Digital disruption to return as top risk over next decade

11 January 2022 4 min. read

Government policies regarding public health practices remain the biggest risk for business leaders in 2022, according to a new survey. In the next decade, though, most leaders expect that the adoption of new technologies will have returned to the top of the agenda.

In the years leading up to 2020, digital transformation had swiftly become the top priority for businesses across the industrial gamut. The cost savings, efficiency boosts and ability of technology to free up human labour for value adding activities had captured the imaginations of firms around the world, who were keen to see how digital could transform and improve their organisations, and profitability.

The advent of the pandemic changed much of that. While the need to digitalise did not go away – as organisations had to make provisions for months of remote working – the more immediate realities of the Covid-19 crisis meant the top priorities soon related to public health and employee wellbeing. After all, as so many studies prior to the pandemic made clear, digital transformation cannot supply meaningful change without a human workforce to implement it.

Top Risks for 2022

A new study from consultants at Protiviti has further illustrated this. Polling more than 1,000 business leaders around the world, regulations and market conditions due to Covid-19 remain top concerns for board members and C-suite executives in 2022. Almost 60% of respondents said policies on public health, such as social distancing and crowd limits, which could ‘impact the performance of our business’ were the top risk going into the year.

Immediately after, organisations’ ability to attract and retain top talent was the second-placed risk. In a tightening talent market, which has resulted amid the pressures of the coronavirus, firms are having to put more thought into how to keep workers from seeking new pastures – both in terms of workplace safety, and the remuneration offered. Meanwhile, the adoption of digital technologies, such as AI, automation and virtual reality software, was lower down, as the fourth-highest risk priority.

Upcoming risks

Interestingly enough, while the immediate impacts of Covid-19 are expected to diminish in the coming decade, this point is anticipated to have a lingering effect. Looking ahead to 2031, business leaders said workforce and talent-related issues will remain a primary concern, indicating that the impact of the Great Resignation will persist as their organisations struggle to fill the talent requirements to support their strategies.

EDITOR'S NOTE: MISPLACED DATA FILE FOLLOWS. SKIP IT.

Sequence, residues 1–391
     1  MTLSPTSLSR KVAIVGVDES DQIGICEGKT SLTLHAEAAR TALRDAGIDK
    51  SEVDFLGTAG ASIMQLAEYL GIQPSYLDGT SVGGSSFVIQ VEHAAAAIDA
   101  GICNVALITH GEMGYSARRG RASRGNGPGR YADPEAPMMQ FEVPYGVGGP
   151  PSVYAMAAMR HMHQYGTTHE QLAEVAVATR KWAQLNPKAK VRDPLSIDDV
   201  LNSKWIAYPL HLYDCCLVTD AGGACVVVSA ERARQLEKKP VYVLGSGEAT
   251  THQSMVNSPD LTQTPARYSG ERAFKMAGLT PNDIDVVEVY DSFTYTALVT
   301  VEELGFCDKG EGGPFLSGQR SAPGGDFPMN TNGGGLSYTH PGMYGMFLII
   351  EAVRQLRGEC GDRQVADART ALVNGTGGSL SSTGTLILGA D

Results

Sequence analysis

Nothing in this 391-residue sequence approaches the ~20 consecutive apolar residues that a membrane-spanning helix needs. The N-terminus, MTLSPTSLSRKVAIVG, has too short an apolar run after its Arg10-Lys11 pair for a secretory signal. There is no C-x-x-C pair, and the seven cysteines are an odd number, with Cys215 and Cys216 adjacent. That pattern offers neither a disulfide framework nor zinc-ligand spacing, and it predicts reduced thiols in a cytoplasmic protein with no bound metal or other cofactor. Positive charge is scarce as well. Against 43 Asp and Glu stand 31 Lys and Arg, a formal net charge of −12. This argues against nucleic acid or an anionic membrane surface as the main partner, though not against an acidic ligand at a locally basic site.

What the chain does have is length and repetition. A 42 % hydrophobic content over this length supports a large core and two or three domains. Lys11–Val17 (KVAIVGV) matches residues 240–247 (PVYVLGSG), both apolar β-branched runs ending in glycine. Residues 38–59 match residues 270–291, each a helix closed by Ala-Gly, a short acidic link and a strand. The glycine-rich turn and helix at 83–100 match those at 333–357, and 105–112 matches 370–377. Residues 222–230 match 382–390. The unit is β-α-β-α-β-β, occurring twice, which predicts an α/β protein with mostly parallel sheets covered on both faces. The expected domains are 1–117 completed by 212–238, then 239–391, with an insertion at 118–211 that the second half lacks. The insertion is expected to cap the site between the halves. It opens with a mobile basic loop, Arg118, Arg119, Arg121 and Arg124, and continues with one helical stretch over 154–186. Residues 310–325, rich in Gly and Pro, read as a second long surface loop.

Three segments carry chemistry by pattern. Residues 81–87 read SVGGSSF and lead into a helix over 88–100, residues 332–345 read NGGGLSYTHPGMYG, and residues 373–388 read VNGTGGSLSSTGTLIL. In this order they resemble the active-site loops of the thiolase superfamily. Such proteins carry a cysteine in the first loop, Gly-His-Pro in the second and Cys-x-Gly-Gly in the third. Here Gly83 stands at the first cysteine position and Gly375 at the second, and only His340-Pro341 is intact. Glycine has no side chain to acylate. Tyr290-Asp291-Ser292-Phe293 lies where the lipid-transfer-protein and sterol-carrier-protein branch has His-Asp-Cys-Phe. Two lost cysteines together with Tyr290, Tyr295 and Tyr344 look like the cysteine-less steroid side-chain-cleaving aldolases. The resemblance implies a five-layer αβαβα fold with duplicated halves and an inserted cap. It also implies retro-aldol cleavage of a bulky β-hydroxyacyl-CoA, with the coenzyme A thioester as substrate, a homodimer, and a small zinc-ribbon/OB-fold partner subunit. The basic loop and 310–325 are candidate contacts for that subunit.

Top Risks for 2031

“The tectonic plates of traditional workforce models and talent retention have shifted dramatically as a result of the global pandemic and digital transformation, a dynamic which isn’t expected to go away any time soon, according to global leaders,” said Jim DeLoach, a Protiviti managing director and co-author of the report. “Looking forward, businesses need to shift their focus to adapting to the ‘new nimble’ rather than searching for a ‘new normal.’”

However, while succession challenges, and the ability to attract and retain top talent will be high on the agenda, the need for digital transformation will have returned as the top risk in 2031. This may be due to digitalisation being viewed as a useful antidote to multiple issues. As well as being able to take on some forms of work – decreasing the pressure to fill certain roles – new technology can also help address the rapid speed of disruptive innovations from rivals, and help meet new sustainability and ESG criteria, that is becoming increasingly important to customers.

Dr. Mark Beasley, professor and director of NC State University's ERM Initiative and co-author of the report, added, “It’s clear that business leaders expected a faster return to normalcy and stability, but talent issues and macroeconomic conditions are continuing to contribute to volatility. Nearly all organisations we surveyed are facing talent challenges and shortages, coupled with the need to invest in technology infrastructure and capabilities to effectively engage remote employees, manage dispersed workforces and serve customers on their terms.”